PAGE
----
PARIS – Thousands protested on Saturday in Australia, France, Italy and Greece, clashing with police as they raided against COVID-19 measures and government restrictions aimed at inciting more people to take their shots Was.
Dozens of protesters were arrested in Sydney after an unauthorized march in which the city’s police minister called the participants “fools”.
The organizers had termed the protest as a freedom rally. Attendees carried signs and banners reading “Wake Up Australia” and “Drain the Swamp”.
In France, where police deployed tear gas and a water cannon against some demonstrators, an estimated 160,000 took to the streets in nationwide protests against President Emmanuel Macron’s health pass, which ran to restaurants and public places for people without vaccinations will reduce access.
‘Don’t touch our kids’
Protesters in France held placards denouncing “Freedom, Liberty,” “Macron, the dictator,” “Freedom is chained to Big Pharma” or “There is no shame.”
The demonstrations highlight the advice of the World Health Organization and other public health agencies and the conflict globally between those who refuse vaccination for one reason or another.
In Indonesia and the United Kingdom, governments have eased pandemic restrictions despite rising cases of coronavirus infection.
Meanwhile, around 5,000 people demonstrated in Athens, raising slogans such as “don’t touch our children”, according to an AFP reporter at the scene.
Thousands protested in at least 80 cities across Italy as Rome tries to slow the rise in COVID-19 infections. Most were not wearing masks.
The Green Pass, an extension of the EU’s digital COVID certificate, will be required from 6 August for anyone who wants to enter cinemas, museums, indoor swimming pools or sports stadiums, or eat indoors in restaurants.
This will serve as evidence that one has either been vaccinated, has recently undergone a negative COVID-19 test, or has recovered from a coronavirus infection.
Italy’s decision to make passes mandatory for many activities on Thursday saw a 200% increase in vaccine bookings in smaller regions, according to the COVID-19 emergency chief Francesco Figuolo.
Half Australia in lockdown
Earlier in Sydney, protesters pelted potted plants and water bottles at officials as they defied a month-long stay-at-home order, a day after officials suggested the restrictions could remain in place until October.
New South Wales State Premier Gladys Berejiklian said she “absolutely detested” the protesters whose “selfish actions have compromised the safety of all of us.”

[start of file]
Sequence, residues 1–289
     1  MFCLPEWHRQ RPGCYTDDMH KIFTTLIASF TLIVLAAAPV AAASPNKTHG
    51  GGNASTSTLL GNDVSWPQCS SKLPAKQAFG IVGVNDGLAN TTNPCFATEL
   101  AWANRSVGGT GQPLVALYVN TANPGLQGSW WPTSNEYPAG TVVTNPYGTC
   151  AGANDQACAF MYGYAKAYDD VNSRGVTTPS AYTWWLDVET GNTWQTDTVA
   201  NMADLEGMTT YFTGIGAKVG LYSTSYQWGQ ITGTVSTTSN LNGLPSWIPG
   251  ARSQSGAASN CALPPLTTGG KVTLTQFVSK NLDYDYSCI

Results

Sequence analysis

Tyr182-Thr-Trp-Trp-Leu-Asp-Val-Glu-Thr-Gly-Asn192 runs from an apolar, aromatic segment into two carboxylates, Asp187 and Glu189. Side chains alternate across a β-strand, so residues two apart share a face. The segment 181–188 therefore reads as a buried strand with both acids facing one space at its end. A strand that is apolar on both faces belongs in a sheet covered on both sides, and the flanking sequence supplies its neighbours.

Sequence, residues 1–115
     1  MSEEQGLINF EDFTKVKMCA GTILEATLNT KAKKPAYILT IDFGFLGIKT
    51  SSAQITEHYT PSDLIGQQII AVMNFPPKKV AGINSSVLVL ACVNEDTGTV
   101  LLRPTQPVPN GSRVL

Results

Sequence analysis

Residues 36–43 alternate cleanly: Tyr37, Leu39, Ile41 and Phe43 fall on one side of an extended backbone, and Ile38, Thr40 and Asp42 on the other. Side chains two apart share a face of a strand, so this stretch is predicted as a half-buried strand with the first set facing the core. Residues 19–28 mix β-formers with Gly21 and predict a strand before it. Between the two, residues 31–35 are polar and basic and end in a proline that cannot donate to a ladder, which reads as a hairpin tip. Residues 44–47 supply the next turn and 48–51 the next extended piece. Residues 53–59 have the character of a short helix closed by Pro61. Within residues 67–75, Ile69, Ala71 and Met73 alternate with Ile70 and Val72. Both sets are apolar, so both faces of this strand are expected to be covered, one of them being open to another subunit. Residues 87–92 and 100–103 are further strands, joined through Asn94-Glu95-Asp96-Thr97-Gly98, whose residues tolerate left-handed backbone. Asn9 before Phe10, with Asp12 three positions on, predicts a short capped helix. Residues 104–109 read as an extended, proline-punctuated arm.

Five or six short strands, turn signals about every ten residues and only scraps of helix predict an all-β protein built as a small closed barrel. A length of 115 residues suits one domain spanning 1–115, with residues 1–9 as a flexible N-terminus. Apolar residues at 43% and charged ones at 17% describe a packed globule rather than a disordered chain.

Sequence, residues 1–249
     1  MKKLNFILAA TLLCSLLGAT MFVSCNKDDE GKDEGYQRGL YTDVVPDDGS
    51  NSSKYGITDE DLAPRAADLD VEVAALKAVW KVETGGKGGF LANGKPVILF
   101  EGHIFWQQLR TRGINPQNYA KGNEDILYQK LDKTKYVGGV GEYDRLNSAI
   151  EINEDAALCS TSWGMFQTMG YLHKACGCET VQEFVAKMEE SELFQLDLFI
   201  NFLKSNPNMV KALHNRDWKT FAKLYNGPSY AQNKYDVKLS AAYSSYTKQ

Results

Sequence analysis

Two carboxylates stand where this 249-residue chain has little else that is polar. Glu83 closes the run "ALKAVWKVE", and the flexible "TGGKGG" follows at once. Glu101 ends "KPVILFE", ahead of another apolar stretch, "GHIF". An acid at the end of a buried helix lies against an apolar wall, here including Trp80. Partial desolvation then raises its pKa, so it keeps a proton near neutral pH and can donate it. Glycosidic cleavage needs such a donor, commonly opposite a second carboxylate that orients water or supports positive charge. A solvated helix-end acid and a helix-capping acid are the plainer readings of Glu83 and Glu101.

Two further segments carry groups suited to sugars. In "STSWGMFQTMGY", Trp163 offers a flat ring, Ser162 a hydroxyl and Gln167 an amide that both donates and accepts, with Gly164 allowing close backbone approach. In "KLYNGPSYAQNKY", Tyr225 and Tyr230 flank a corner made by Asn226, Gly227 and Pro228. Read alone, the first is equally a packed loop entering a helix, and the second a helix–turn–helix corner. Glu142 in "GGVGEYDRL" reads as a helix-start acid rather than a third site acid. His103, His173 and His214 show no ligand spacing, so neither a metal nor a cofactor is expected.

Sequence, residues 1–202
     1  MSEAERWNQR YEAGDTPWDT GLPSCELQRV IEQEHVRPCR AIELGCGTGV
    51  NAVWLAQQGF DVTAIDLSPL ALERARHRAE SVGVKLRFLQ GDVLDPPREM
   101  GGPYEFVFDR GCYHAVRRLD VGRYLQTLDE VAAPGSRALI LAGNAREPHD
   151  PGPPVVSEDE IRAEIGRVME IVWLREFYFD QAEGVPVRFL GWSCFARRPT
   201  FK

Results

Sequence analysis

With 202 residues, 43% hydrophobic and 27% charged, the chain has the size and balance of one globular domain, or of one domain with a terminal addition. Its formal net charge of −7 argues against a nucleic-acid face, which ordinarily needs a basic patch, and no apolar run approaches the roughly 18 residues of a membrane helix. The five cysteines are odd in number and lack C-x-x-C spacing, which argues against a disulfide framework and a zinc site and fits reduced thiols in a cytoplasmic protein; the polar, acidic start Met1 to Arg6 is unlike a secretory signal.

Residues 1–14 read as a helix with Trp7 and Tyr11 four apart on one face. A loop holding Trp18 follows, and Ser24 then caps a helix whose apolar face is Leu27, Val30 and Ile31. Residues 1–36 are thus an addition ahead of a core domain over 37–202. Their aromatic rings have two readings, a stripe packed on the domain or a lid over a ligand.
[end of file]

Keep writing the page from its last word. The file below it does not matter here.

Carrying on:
Police said they issued around 100 fines and arrested 57 people.
Six people were arrested in Melbourne. Police said.
New South Wales Police Minister David Elliott said a team of detectives would go through the footage in the coming days to identify and charge as many people as possible.
“Sydney is not immune to fools,” he said.
Sydney, a city of more than five million people, is struggling to contain an outbreak of the delta variant, first identified in India and now spreading globally.
After surviving the initial pandemic, nearly half of Australia’s 25 million people are now in lockdown in several cities.
Anger is mounting over the sanctions and the Conservative government’s failure to provide adequate vaccine supplies.
Only 11% of the population has been fully vaccinated.
hard to shoot
In France, as elsewhere in Europe, the government is making it harder for reluctant citizens to stop taking their shots.
Now being considered by lawmakers will make vaccinations mandatory for some businesses, while the controversial health pass will severely restrict social life for a holdout that begins later this month.
There were signs that the stringent measures announced on 13 July were having the desired effect: 48% of the population had been fully vaccinated by Friday, up 8 percentage points from 10 July.
While more than three-quarters of French people support Macron’s measures, a large and vocal minority do not, according to a July 13 Elabay survey for BFMTV.
Elodie, 34, a care assistant at a Strasbourg nursing home, denounced the “blackmail of carers” during the first wave and those who were now “with no more pay” and even has been removed.
“They’ve been lying to us from the beginning,” she said.